The Wright Center Shares Kidney Transplant Story

In observance of National Donate Life Blue and Green Day on Friday, April 12, The Wright Centers for Community Health and Graduate Medical Education is sharing the story of the Desouza family to raise awareness about the gift of organ donation and its impact on others.

Patricia Desouza veered her car off the road as the caller’s words sunk in.

By 5:30 a.m. on April 30, she needed to be at the Hospital of the University of Pennsylvania in Philadelphia for surgery to remove her kidney. Later that afternoon, a stranger would receive her life-changing gift. And there was more.

A match also had been found for her eldest of three sons, 27-year-old Kenneth, who would undergo his own kidney transplant at the same hospital that afternoon — about a year after her husband, Larri, underwent the same transformative procedure at Geisinger Medical Center in Danville, Pennsylvania.

Only a week had passed since her son had added his name to the United Network for Organ Sharing (UNOS) national transplant waiting list, joining more than 106,000 people, including 7,000 Pennsylvanians, in need of a donor. Of those, 87%, or 92,000 nationwide, need a kidney, facing an average wait of three to five years, according to the American Kidney Fund.

From her car, Desouza, a Peckville section of Blakely small business owner, life coach, public speaker, and mentor who actively volunteers at the Peckville Assembly of God, thanked God for answering their prayers. Then the eight-year Wright Center for Community Health board member called her son to share the remarkable news.

“He was like, ‘What? What? I don’t even know what to say,'” she recalls of their March 15 conversation. “He was in shock.”

Although her kidney proved to be a suitable match for her son, the family of five remained steadfast in their belief that God would provide an even better match.

“I reminded my son when he would get a little discouraged that man’s timing is not better than God’s timing,” says Desouza.

The transplant will open doors for the talented musician who plays 10 instruments, manages a gas station, and volunteers at their church as a youth minister with his fiancee, Nicollette Gauthier. He looks most forward to those things often taken for granted in life, such as a good shower or enjoying his upcoming wedding without serious health concerns looming.

Growing up, he contended with many health challenges and hospitalizations, including Type 1 diabetes, also known as juvenile diabetes, at age 12; and a kidney disorder called nephrotic syndrome, by his late teens.

After an appointment with quintuple board-certified physician Dr. Linda Thomas-Hemak, the president and CEO of The Wright Centers for Community Health and Graduate Medical Education, her son received a proper diagnosis, treatment plan, and much-needed hope, says Desouza.

“In the face of adversity, the Desouza family’s health journey embodies courage, resilience, faith, gratitude, and the profound impact of selfless, mutual giving,” says Dr. Thomas-Hemak. “Patricia’s and Kenneth’s upcoming surgeries stand not only as an awesome testament to medical marvels, but also to the power of humanity, as a beacon of love, hope, and compassion. Each step, each transplant, is a testament to the miracles that unfold when love, altruism, and generosity intertwine. Their story serves as a compelling reminder of the critical importance of organ donation, highlighting how one selfless act can profoundly transform the lives of others, embodying and honoring the essence of humanity’s interconnectedness.”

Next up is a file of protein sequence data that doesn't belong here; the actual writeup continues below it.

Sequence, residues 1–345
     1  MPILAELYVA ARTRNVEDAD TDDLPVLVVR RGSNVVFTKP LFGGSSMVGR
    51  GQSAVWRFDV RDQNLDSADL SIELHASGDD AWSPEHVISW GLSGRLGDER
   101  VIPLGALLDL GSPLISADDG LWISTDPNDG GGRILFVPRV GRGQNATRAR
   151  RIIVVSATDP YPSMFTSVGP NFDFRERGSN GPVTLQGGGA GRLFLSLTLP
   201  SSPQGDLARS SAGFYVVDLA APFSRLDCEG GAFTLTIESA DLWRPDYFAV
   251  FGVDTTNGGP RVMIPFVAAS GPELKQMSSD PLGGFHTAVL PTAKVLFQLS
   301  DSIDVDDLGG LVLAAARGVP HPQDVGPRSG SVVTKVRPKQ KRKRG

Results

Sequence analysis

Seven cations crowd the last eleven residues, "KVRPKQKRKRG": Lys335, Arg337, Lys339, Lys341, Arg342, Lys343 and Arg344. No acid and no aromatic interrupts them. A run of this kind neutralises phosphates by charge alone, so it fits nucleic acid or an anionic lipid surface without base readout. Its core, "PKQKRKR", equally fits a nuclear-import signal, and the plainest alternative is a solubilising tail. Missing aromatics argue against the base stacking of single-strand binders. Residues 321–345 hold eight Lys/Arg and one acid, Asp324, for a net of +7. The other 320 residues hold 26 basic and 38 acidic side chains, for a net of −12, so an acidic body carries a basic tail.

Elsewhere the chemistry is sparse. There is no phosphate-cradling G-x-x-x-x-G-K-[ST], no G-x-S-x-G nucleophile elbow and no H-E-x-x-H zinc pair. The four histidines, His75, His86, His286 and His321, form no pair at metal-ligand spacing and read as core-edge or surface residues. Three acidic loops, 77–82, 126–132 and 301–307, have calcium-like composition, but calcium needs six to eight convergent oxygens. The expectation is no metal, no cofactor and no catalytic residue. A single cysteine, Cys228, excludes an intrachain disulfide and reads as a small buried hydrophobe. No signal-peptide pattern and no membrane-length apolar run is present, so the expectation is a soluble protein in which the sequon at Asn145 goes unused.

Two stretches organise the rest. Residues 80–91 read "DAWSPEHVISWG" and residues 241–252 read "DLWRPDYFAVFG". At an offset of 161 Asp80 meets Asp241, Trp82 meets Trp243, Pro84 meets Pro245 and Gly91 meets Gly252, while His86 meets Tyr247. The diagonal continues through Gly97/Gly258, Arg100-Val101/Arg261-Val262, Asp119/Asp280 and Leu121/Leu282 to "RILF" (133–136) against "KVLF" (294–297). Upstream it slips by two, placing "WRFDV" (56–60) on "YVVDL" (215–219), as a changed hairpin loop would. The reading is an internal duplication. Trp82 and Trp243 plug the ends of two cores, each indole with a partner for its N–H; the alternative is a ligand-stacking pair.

Desouza and her husband also became patients of The Wright Center for Community Health. That’s also when things turned around for her husband, following a decline in his kidney functions, most likely from an extended use of gout medication.

Under the care of his primary care physician, Dr. Jignesh Sheth, who serves as chief medical officer for The Wright Center for Community Health, he underwent preparations for gastric bypass surgery to aid in losing enough weight to undergo kidney transplant surgery. Following the successful reduction of his body mass index (BMI) post-surgery, he joined the national transplant list. Despite encountering multiple setbacks, he eventually found a suitable match and underwent a successful kidney transplant last spring.

Freed from the constraints of his triweekly dialysis regimen, the transplant brought about a profound transformation in his life. He embraced newfound freedoms by joining a gym, traveling to their native Brazil, and even competing in track and field events.

“We went through a lot of trials and tribulations,” says Desouza, reflecting on having both her son and husband undergoing dialysis simultaneously at home. “If I didn’t have God, I don’t know how I would have made it through.”

The family plans to travel to Philadelphia the day prior to the surgeries and anticipates staying for up to two weeks.

“I only have to stay one to two days,” Desouza says. “But my son has to stay 10 days to two weeks. For the first week, he will have appointments twice a week there. As a mother, I didn’t want to leave him. So we will stay.”

Unsure who will receive her kidney, her son’s donor is from Wisconsin.

“It was not even a decision for me to donate my kidney,” she says. “It was just a part of my life that I didn’t have to give a second thought. If you can live with one kidney, and make a difference in someone’s life, you just share what you have.”